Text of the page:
RenderMonkey Beginner’s Tutorial

This time I’ll be presenting a beginner’s tutorial about RenderMonkey, which is a shader development environment created by AMD that facilitates the task of creating and testing shader programs. Although AMD has stopped developing it, you can sill get it for free.

I’ll be using HLSL for the scope of this tutorial, but I intend to focus only on how to get RenderMonkey up and running, so I won’t be teaching you how to program in HLSL. If you don’t have any experience, here’s a nice resource for getting started with HLSL – kudos to Catalin Zima for the wonderful tutorial. After learning the syntax, you should also learn how to implement some basic shaders. The XNA education catalogue has a series just for that!

Shader Code

The shader used in this tutorial mixes ambient and diffuse lighting with a diffuse texture map. Here’s the code for the shader:

And what it’s supposed to look like:

So let’s get started!

Creating the Effect

When starting RenderMonkey you’ll get an Empty Workspace that’s ready to be used. Your application should look like this:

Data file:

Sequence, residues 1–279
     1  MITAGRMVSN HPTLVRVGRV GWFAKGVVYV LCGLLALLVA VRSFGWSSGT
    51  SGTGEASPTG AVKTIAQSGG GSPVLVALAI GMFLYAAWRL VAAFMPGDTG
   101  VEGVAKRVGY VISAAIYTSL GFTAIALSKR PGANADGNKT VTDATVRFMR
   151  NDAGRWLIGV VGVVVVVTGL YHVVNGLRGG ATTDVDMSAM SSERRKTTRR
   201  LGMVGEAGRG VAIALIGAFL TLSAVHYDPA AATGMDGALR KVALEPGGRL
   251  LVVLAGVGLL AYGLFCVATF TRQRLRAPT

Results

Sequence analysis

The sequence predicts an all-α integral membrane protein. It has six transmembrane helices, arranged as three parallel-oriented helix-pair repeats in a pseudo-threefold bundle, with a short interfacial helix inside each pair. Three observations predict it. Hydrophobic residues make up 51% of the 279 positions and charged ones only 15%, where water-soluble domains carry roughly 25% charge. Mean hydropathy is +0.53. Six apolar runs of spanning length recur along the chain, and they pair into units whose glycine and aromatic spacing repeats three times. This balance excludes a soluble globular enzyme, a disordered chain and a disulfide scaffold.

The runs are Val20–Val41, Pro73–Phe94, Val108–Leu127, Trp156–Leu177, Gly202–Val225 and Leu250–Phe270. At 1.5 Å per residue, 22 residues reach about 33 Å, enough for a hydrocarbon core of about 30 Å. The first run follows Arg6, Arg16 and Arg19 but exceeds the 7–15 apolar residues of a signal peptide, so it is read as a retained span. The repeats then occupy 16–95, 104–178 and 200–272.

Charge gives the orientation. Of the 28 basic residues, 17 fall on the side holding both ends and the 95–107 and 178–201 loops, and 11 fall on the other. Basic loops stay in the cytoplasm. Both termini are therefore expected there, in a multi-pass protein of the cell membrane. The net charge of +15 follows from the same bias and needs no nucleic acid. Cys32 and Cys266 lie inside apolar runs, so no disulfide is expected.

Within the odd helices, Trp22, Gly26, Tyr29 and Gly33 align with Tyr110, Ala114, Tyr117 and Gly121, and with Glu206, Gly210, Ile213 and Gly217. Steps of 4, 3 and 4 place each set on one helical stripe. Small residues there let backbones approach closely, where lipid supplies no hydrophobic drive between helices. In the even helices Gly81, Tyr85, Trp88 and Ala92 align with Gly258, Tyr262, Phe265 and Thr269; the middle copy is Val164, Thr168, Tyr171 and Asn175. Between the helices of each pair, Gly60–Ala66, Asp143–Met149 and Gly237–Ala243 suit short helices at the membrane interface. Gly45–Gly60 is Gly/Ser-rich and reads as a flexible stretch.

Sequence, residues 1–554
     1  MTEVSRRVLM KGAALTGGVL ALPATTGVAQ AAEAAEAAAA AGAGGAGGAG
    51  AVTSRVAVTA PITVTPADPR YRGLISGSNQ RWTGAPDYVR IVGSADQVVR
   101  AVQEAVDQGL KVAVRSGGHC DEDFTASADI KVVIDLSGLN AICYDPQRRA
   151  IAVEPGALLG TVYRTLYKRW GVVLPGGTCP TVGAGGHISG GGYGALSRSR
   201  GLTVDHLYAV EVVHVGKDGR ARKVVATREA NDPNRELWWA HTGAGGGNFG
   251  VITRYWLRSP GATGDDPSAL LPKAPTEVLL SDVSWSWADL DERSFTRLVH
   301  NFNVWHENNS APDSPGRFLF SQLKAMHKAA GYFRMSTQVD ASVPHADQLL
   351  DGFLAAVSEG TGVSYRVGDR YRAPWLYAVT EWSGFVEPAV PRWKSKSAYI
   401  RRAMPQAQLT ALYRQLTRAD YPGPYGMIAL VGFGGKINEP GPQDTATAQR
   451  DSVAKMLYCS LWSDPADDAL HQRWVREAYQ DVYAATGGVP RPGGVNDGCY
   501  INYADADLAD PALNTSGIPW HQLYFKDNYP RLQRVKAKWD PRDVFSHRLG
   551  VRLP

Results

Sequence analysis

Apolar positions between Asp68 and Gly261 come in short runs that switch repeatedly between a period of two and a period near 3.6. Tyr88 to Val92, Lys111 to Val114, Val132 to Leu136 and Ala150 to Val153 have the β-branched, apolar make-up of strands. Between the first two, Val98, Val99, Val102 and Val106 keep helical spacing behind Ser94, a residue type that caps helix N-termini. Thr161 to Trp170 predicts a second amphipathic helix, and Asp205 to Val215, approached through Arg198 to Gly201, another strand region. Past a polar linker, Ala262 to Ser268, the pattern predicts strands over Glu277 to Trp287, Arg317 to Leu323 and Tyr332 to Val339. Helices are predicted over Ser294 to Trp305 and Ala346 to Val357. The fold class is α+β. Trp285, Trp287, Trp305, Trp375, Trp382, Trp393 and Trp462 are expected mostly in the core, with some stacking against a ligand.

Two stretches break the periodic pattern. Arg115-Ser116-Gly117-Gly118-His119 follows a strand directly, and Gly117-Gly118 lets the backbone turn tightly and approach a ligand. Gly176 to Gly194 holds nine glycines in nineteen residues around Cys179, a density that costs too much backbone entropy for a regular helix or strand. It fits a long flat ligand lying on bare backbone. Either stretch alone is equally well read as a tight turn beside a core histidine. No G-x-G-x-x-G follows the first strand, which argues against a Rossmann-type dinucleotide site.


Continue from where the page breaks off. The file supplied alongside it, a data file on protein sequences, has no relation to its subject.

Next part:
A lot of your work will be done on the Workspace Window on the left, which by default shows a single empty workspace. So let’s start by adding a new Effect to it. Right-click on Effect Workspace and add a new Default Effect of your desired type (2). Since I’m programming in HLSL, I created a new DirectX shader. There are many templates ready that you can use when starting your own shaders, but for this tutorial I’ll just choose “DirectX” from the list which creates the most basic shader possible (i.e. a vertex shader that simply applies a WorldViewProjection transformation and a pixel shader that always outputs the same color).

Once you have your Effect created, your window should look like this:

Now we’re ready to start setting everything up!

Changing the Model

You probably noticed that the default model used by RenderMonkey is a sphere. That’s not the best choice for testing your shaders, so let’s start by changing it. On your Workspace Window simply right-click on Model and select a new one:

I’ll use a simple teapot:

Setting Variables